Numbering The Chords

Learn how to add chord types when numbering the chords with Roman numerals.

View the full lesson at Numbering The Chords | JustinGuitar

Would I still technically be wrong if I used the Am key for the second example, since they’re relatives?

Am: I - VI - VII - I - III - IV - VI - VMAJ7 - I - III - VI - VMAJ - IV - V - VI - VIII

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Hi @GunnerGoulet … sorry for how long it has taken to make a reply here.

Good question.
Justin - to this point - has only been teaching and referring to major key analysis so this is correctly given as the key of C major in the answer sheet.

That said, calling example 2 in the key of A minor could be good for a few reasons. First, the Am chord makes many appearances, a little more than C chord. Also, there is an E7 - a dominant V is an often used dominant chord in minor keys. Note, you would write V7 not VMaj7 as the latter is for a major 7 chord rather than a dominant 7 chord.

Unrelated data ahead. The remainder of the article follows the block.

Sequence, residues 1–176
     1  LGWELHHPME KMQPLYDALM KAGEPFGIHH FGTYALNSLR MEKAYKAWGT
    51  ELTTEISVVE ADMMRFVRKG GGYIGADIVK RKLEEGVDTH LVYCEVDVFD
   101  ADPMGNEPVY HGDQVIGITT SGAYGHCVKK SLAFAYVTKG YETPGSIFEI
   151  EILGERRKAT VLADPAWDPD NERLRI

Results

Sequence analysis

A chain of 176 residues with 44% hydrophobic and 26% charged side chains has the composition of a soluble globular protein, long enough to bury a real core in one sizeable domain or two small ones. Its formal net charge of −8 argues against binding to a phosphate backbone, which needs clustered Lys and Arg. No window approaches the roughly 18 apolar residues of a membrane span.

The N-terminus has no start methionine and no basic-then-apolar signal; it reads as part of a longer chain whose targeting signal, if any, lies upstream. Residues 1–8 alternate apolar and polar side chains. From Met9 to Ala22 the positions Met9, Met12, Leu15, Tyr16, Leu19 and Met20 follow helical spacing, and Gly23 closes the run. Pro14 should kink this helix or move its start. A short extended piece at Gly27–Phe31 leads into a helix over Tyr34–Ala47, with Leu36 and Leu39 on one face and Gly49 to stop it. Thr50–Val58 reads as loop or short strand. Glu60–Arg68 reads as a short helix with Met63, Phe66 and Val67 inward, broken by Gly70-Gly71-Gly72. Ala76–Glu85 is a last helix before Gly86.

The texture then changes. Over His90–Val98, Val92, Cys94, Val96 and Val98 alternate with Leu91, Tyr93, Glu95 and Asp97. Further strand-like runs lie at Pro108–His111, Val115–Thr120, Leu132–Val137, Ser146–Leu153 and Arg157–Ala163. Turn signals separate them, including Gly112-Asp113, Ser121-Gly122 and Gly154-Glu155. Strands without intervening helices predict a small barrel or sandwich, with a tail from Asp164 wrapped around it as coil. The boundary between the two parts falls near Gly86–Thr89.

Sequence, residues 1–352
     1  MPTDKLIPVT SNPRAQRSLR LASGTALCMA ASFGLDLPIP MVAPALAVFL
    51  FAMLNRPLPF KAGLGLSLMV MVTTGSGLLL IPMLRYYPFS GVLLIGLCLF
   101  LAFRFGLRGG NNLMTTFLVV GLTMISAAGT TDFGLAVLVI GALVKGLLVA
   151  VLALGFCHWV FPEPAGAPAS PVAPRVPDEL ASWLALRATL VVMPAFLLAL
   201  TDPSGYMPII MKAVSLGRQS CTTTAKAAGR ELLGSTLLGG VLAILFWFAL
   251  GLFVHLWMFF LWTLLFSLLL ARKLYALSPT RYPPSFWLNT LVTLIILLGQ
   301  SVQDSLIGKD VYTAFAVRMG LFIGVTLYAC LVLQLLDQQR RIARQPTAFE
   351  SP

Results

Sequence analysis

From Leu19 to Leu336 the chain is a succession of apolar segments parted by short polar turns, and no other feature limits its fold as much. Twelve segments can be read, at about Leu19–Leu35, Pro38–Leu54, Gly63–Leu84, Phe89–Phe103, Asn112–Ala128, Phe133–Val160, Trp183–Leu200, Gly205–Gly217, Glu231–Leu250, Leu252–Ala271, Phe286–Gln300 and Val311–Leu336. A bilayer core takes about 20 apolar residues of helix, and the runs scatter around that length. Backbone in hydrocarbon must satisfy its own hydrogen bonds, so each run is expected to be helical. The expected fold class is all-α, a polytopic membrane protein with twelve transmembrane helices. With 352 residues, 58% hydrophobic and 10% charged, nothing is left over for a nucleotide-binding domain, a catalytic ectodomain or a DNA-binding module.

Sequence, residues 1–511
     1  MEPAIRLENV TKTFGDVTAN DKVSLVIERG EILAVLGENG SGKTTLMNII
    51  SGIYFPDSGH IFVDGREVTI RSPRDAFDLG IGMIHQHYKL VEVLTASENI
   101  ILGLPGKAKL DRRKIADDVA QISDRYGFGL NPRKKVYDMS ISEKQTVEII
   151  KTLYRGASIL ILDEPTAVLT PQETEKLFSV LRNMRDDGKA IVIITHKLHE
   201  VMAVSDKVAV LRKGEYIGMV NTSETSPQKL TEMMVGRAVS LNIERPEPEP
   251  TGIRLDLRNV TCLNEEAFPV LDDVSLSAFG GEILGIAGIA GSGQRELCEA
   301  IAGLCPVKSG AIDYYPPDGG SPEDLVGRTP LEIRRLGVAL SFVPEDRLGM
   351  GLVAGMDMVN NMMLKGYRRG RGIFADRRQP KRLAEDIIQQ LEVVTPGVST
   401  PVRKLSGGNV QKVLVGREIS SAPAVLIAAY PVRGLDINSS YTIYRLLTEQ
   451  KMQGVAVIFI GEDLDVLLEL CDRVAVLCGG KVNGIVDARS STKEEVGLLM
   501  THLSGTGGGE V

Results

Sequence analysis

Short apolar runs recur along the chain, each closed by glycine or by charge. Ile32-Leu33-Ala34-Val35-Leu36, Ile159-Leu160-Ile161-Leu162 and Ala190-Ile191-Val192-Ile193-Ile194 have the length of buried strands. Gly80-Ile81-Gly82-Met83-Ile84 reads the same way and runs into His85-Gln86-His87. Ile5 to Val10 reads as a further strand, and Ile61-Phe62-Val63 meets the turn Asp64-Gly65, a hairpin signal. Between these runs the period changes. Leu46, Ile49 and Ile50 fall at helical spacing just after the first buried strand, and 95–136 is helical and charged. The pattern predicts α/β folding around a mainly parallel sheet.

However, without playing and hearing the progression and getting a sense of which chord is ‘home base’ then it remains difficult to be 100% if we are in A minor or C major key.

For now, view the example as within the scope of Justin’s teaching to this point and settle for it being in the key of C major.

Minor key analysis will come later.

Further general note for all keys - if viewed on standard notation, there would be no visual clue on the staves that suggests relative major or minor as both would have the same number of flats or sharps.

I hope that helps.

Cheers :smiley:

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oops. took the second set as G maj key assumption with Am being ii and the rest…. so bvii F ! ok then. Am as the vi of C major is it, as I see with Richards response. All good.

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